Different hosting connections and provisioning platforms will have different ways of linking these components together, but in the Nutanix world, the following applies:

  • The Nutanix virtual machine has a unique uuid
  • The Nutanix virtual machine Identity Disk has a unique uuid

In a persistent MCS environment on Nutanix AHV, the Nutanix VM uuid, the BrokerMachine:HostedMachineId and the ProvVM:VMId are identical. This is what links everything together. Additionally, the ProvVM:IdentityDiskId is matched to the Nutanix uuid of the Identity Disk.

Remediating The Gap

In some scenarios (disaster recovery is a great example), the uuid of the virtual machine can change, rendering the machine orphaned from an MCS standpoint. If we want to remediate the MCS relationship, there are a couple of options we can play with.

Using the CVAD PowerShell SDK

Using the native option within Citrix, from CVAD 2212 onwards, the Set-BrokerMachine -HostedMachineId "" does indeed update the BrokerMachine:HostedMachineId and the ProvVM:VMId but it does not update the ProvVM:IdentityDiskID.

Conversely, you can use the Remove-BrokerMachine PowerShell command to remove the BrokerMachine record from the Citrix Database for an MCS provisioned machine. This does not delete the ProvVM record. If the ProvVM object is still in the database, and the HostedMachineId / uuid of the VM hasn’t changed, you can simply use New-BrokerMachine -HostedMachineId "" -HypervisorConnectionUid "" cmdlet to bring the machine back into the MCS world.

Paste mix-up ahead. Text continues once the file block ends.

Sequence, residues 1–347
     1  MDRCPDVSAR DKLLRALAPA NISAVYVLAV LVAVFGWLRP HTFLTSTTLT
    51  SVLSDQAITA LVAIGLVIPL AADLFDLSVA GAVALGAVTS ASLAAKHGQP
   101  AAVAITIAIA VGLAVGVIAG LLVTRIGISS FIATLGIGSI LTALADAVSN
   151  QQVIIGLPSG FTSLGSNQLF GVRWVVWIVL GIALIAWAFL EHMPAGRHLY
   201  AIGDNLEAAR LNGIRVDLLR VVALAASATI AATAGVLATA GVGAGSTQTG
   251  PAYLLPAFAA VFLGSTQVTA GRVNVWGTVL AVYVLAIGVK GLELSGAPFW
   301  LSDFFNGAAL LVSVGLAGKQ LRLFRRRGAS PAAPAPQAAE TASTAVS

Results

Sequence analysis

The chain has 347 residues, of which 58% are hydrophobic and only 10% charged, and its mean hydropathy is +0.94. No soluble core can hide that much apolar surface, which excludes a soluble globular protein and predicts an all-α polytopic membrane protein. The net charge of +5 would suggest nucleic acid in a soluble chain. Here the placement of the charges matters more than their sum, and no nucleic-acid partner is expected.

The current release documentation as at 18.06.2023 reads as:

HostedMachineId: The unique ID by which the hypervisor recognizes the machine. This may only be set for VMs which are not provisioned by MCS.

HypervisorConnectionUid: The hypervisor connection that runs the machine. This may only be set for VMs which are not provisioned by MCS.

The documentation from Citrix is being updated to reflect things accurately. I assure you, technically it works just fine. This means that you can remediate a machine which has had its uuid changed, allowing the MCS relationship to stay in tact.

Updating the SQL Database

The challenge with PowerShell SDK is twofold:

  1. It is limited to 2112 onwards so has a smaller scope of supported deployments.
  2. It does not update the IdentityDiskID.

So the second option, is to alter the database directly and update the ProvVM object. You can use standard SQL tools, or if you are a PowerShell fan, then Invoke-SQLCmd is your friend against the Citrix Site Database. The ProvVM records are stored in the ProvisionedVirtualMachine table.

You can use a combination of Remove-BrokerMachine and New-BrokerMachine to remove the broker machine records, and if the ProvVM SQL record is up to date with the new uuid of the VM, then MCS is a happy camper, and machines continue on in a happy place.

Should you do this? That one I leave up to you. Can you do this? Absolutely.


Whilst a short post, hopefully this shines some insight into how persistent virtual machine relationships are handled when provisioned with MCS, and provides some options should your underlying virtual machine uuid change.

Would be very nice if we could have a Set-ProvVM PowerShell cmdlet Citrix…hint hint :)